3. (General Sporting Terms) to engage or be engaged by written agreement, as a player for a team, etc.
4. (Christianity / Ecclesiastical Terms) (tr) to outline in gestures a sign over, esp the sign of the cross
5. (tr) to indicate by or as if by a sign; betoken
6. (intr) to use sign language See also sign away, sign in, sign off, sign on, sign out, sign up
[from Old French signe, from Latin signum a sign]
signable  adj

sign  (sn)
1. A body manifestation, usually detected on physical examination or through laboratory tests or xrays, that indicates the presence of abnormality or disease. Compare symptom.
2. See symbol. See Table at symbol.

sign  /san/  n. 1 a board or poster with information on it: The sign on our store says The Clothes Boutique.||a stop sign 2 an action or other nonspoken way of communicating: The wave of her hand was a sign of greeting.||He sends her flowers as a sign of love. 3 a symbol: The (X) is a multiplication sign.
v. 1 [I;T] to write ones name on s.t.: He signed a check. 2 [I;T] to use finger motions to communicate with people who cant hear: My hearing-impaired sister signed good-bye to me. 3 phrasal v. insep. [T] to sign for s.t.: to show that one has received s.t. by signing ones name: My assistant signed for the package. 4 phrasal v. insep. [I;T] to sign off on s.t.: to give ones approval: All committee members signed off on the new budget. 5 phrasal v. [I] to sign on: to join a group, (syn.) to enlist: When they asked for help, she signed on. 6 to sign on the dotted line: to show final agreement in a legal or official action: After I signed on the dotted line, I owned a new house! 7 phrasal v. sep. [I;T] to sign s.o. in: to write down ones name to show ones presence at a meeting or other gathering, (syn.) to register: We signed in our visitors.||We signed them in. 8 phrasal v. insep. to sign s.o. or s.t. out: a. [I;T] s.o.: to write ones name down to show one is leaving: I signed out the salesman when he left this evening.||I signed him out. b. [T] s.t.: to take s.t. out, to borrow: I signed out books at the university library.||I signed them out. 9 phrasal v. sep. [T] to sign s.t. away: to give up ownership or rights to s.t.: The mother signed away her house to her children.||She signed it away. 10 phrasal v. sep. [T] to sign s.t. over: to change ownership: The president signed over the company to the employees.||She signed it over. 11 phrasal v. sep. [I;T] to sign (s.o.) up: to join, agree to do s.t., (syn.) to enroll: I signed up for swimming lessons. -n. signer.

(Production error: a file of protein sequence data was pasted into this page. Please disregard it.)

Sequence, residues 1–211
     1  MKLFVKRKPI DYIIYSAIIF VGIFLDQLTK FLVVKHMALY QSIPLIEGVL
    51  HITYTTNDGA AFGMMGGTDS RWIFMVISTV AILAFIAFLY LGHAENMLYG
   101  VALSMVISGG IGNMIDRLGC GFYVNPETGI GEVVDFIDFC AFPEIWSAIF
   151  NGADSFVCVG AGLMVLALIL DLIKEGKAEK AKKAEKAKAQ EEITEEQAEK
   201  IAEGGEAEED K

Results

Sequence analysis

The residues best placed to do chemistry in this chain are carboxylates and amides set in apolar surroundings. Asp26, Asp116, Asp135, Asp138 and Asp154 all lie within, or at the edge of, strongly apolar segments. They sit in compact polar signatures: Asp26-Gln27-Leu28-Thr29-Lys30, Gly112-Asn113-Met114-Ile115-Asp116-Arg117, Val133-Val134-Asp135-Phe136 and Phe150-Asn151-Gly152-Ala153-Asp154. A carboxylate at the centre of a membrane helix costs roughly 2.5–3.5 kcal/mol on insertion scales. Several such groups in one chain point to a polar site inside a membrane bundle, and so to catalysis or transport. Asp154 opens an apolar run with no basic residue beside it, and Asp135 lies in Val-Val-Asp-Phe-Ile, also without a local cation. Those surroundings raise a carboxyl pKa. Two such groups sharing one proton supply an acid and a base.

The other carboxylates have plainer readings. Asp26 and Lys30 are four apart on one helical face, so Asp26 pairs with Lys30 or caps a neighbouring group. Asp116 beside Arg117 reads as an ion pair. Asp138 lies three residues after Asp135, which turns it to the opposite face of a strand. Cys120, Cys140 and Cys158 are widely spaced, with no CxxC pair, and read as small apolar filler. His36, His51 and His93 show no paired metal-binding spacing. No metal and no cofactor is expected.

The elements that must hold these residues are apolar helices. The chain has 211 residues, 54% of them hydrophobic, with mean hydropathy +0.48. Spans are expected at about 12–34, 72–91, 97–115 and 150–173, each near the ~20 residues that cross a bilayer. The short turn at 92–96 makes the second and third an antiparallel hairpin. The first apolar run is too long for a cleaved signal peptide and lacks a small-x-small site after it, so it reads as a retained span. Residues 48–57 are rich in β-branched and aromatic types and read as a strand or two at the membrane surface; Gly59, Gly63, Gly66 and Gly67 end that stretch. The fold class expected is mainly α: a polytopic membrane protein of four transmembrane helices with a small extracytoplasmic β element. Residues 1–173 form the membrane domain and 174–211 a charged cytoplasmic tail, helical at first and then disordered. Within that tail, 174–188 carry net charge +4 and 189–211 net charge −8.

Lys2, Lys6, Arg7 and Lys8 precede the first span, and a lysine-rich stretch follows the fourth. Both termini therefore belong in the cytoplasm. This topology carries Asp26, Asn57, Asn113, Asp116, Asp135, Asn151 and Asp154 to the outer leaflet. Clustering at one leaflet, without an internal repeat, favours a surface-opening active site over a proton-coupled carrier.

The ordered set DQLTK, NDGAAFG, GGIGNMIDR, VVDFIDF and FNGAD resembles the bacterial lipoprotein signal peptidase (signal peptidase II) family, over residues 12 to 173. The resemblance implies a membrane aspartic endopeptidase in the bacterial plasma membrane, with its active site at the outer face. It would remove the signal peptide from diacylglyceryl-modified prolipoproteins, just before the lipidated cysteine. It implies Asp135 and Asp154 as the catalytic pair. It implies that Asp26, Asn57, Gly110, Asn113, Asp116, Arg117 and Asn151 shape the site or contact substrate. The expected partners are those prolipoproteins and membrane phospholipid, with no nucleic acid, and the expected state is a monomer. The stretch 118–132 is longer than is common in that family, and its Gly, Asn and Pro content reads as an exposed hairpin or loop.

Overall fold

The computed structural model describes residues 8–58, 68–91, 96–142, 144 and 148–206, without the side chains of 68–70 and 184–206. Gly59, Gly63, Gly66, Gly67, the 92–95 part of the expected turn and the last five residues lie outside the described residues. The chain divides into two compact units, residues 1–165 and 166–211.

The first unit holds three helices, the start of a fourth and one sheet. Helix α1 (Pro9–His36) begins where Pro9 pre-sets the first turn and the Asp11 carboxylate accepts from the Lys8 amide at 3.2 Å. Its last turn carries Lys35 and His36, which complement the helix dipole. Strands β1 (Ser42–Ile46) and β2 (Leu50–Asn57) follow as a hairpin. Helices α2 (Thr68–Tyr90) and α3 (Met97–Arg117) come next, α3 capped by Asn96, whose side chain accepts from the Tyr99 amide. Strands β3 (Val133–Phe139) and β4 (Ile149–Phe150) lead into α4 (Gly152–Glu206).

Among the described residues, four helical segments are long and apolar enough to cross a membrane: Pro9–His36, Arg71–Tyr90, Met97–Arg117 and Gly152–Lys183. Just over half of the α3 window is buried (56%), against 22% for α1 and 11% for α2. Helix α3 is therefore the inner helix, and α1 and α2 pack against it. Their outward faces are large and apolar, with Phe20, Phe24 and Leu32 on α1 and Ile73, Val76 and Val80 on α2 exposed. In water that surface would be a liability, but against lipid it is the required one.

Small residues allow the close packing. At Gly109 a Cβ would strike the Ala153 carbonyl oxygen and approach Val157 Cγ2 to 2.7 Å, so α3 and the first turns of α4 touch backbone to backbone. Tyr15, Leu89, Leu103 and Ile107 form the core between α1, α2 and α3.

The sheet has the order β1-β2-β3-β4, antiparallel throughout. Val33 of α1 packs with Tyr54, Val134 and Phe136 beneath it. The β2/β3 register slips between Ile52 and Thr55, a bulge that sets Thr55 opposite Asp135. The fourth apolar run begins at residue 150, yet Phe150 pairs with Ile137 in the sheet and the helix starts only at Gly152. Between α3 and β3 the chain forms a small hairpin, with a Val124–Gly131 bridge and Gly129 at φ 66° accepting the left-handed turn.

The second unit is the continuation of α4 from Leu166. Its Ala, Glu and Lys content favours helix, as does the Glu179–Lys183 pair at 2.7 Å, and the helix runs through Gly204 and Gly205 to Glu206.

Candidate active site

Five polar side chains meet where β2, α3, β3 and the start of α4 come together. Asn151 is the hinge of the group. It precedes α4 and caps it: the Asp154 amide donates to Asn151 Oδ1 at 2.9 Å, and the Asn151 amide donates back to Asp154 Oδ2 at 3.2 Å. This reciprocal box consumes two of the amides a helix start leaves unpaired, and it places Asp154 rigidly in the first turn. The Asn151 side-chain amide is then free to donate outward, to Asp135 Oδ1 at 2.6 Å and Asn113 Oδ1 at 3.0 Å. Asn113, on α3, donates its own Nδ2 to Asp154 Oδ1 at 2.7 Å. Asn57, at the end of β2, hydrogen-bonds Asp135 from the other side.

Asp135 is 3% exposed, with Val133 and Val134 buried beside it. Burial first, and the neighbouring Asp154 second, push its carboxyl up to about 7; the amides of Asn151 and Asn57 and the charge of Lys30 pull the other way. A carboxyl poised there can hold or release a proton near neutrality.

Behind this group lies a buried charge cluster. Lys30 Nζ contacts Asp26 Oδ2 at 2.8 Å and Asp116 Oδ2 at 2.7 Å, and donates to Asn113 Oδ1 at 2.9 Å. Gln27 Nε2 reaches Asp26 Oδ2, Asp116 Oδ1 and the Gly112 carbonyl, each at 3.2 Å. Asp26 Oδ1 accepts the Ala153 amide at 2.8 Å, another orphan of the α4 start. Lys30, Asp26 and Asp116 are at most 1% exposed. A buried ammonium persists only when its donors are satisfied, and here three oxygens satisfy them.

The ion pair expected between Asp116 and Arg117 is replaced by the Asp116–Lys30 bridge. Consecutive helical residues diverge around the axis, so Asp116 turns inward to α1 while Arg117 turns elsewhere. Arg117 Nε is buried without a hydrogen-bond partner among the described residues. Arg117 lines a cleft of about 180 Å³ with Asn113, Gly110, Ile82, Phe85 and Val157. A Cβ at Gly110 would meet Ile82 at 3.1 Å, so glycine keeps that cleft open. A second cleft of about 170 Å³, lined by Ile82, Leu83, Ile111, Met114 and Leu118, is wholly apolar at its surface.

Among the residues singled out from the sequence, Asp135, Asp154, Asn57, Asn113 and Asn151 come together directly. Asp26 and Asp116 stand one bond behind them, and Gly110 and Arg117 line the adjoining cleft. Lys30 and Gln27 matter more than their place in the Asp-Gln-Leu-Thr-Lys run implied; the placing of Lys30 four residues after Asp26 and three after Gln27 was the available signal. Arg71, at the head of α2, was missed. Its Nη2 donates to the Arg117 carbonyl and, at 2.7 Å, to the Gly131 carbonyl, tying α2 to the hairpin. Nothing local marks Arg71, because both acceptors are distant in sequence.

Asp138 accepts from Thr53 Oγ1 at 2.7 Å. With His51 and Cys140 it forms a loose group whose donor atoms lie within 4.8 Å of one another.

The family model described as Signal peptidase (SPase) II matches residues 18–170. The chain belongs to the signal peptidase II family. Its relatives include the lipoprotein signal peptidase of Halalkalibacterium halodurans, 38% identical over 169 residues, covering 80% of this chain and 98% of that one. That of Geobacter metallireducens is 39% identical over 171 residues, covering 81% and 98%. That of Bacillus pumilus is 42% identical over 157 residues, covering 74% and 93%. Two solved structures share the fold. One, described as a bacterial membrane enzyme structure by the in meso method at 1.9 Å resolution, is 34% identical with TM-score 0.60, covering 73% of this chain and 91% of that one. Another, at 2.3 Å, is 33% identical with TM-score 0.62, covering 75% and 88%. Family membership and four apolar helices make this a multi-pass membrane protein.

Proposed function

adj.phr. signed, sealed, and delivered: successfully ended, agreed upon sign